by Bob Groeneveld
Special to the Langley Advance
Fruit trees are scattered through the alders, blackberries, and sundry scrub along the Fraser River west of Fort Langley.
They will be the honoured guests at Heritage Apple Day, an annual event being held in Derby Reach Regional Park this weekend.
The trees are the legacy of pioneer farmers who arrived from Europe with seeds, scions, and whole trees in the late 1800s.
Many of the fruit trees buried in the bushes at Derby Reach and along the Fort to Fort Trail are offspring of the originals – planted, grafted, many the result of decades of planned propagation, many just seeded haphazardly by birds or vermin.
A few of the original trees remain as thick, gnarled trunks with odd, sparsely leafed branches looking like ominous creations for a Hollywood Halloween scare-flick. A few seem cut and pasted out of a Dr. Seuss tale.
Some of the trees have been identified through diligent research, while others remain unknown.
“Apples are very strange,” explained Jeremy Smith, a former member of the Derby Reach/Brae Island Park Association board. He still works with the organization for the Apple Day celebration and helps preserve some of the heritage apples and pears found in the park.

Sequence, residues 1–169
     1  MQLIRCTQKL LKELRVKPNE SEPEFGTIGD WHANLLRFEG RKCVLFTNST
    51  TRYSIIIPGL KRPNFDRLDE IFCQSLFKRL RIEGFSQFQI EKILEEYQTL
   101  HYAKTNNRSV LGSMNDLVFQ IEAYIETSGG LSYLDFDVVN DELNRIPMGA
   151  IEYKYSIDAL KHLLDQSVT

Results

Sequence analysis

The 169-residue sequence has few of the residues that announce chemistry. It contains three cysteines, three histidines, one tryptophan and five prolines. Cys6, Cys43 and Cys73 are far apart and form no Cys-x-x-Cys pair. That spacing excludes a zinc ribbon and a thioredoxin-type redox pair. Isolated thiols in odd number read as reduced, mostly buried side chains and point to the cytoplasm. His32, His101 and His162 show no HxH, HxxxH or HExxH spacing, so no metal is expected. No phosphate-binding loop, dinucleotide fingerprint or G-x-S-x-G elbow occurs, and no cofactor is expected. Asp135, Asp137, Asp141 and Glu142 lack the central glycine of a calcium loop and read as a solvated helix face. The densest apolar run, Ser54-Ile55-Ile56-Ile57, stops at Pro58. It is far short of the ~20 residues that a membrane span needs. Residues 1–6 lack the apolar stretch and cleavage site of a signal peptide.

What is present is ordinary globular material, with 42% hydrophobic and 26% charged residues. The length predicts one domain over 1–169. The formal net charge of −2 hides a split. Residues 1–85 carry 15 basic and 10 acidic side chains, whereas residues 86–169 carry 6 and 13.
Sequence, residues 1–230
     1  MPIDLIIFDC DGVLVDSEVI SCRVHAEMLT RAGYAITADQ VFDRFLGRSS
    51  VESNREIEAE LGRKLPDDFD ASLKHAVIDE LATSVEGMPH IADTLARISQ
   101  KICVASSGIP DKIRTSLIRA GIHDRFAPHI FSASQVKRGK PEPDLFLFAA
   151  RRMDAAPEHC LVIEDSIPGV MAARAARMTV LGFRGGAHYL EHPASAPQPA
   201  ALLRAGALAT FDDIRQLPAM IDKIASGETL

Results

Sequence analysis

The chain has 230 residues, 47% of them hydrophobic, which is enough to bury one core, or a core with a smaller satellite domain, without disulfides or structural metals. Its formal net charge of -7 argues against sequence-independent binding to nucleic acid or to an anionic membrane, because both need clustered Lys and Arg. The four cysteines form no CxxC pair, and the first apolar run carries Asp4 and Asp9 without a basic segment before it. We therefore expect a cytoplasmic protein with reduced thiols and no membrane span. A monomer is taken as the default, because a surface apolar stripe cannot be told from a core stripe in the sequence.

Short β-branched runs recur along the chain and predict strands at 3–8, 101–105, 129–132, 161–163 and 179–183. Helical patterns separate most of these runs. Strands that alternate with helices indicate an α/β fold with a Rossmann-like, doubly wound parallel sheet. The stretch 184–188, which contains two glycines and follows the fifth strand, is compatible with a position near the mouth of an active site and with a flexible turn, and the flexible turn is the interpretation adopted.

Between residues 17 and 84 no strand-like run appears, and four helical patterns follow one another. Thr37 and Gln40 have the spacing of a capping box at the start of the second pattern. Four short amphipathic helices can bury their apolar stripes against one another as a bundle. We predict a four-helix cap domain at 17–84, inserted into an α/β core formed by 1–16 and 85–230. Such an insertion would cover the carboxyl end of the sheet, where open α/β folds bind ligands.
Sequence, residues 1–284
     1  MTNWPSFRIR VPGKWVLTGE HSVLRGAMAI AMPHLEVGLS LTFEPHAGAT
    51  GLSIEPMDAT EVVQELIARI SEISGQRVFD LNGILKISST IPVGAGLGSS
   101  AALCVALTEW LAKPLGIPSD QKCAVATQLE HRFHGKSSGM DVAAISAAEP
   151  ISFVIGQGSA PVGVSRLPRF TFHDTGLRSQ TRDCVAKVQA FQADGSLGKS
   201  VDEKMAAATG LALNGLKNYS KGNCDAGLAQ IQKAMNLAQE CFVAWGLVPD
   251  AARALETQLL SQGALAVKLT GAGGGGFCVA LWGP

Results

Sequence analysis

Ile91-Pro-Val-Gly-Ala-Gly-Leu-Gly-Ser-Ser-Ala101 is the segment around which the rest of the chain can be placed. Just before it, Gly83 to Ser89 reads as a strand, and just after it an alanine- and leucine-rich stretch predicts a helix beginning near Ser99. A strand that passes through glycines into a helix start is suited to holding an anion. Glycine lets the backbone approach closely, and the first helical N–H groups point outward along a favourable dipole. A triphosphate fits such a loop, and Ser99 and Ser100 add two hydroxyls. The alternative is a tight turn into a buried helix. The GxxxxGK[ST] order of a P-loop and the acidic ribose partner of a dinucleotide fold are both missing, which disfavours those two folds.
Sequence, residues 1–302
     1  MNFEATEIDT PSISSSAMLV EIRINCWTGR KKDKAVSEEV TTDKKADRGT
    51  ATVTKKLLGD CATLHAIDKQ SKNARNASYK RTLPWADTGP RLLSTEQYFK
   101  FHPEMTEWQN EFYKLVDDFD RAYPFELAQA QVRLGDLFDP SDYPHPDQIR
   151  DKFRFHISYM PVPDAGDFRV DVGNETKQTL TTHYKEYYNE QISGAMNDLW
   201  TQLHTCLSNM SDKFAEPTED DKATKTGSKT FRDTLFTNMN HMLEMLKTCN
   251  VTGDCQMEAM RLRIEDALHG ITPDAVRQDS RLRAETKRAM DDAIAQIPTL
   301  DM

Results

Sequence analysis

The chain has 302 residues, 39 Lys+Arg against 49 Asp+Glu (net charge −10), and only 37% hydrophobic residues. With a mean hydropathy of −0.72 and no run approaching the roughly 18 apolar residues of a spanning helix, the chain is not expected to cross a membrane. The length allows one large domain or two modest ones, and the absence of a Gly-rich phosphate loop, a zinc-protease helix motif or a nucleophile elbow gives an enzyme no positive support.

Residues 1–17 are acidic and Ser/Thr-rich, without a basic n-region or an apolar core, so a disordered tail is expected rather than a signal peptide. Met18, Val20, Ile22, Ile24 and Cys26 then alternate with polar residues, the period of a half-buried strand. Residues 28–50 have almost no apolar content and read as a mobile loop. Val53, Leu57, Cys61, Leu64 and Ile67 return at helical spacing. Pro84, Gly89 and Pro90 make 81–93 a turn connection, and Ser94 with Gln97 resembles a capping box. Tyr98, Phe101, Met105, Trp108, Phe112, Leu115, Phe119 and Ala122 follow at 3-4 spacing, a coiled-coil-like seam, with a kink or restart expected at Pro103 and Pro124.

“They’ve got very odd genetics,” Smith said.
“They don’t have a stable genetic transfer from one generation to the next. They do not breed true. They’ve got extra chromosomes and weird genetic make-up. If you grow an apple from seed, you don’t know what it’s going to be.”
To complicate matters further, he noted, “There are thousands of apple varieties. Tens of thousands. Out of those, there are only a few that are commercially useful or taste good, or have some other quality that people want.”
Only a few varieties do well in the Fraser Valley, which is, he said, “overall, a bit too wet for apples, and they tend to get fungal diseases and cankers. It’s not an ideal place to grow apples.”
But because of the importance of apples to their survival, the pioneers found varieties that would grow reasonably well.
Some of those early apple trees, like King, Transparents, Wolf River, and Winter Banana continue to eke out an existence in the park.
“Wolf River is an old, old variety,” said Smith. “Winter Banana was common here when we came in the 1970s. It was probably common in a lot of people’s gardens when you were growing up. You probably ate it.”
Smith, whose degree in botany is “from time immemorial,” is now retired from working in greenhouses and in housing.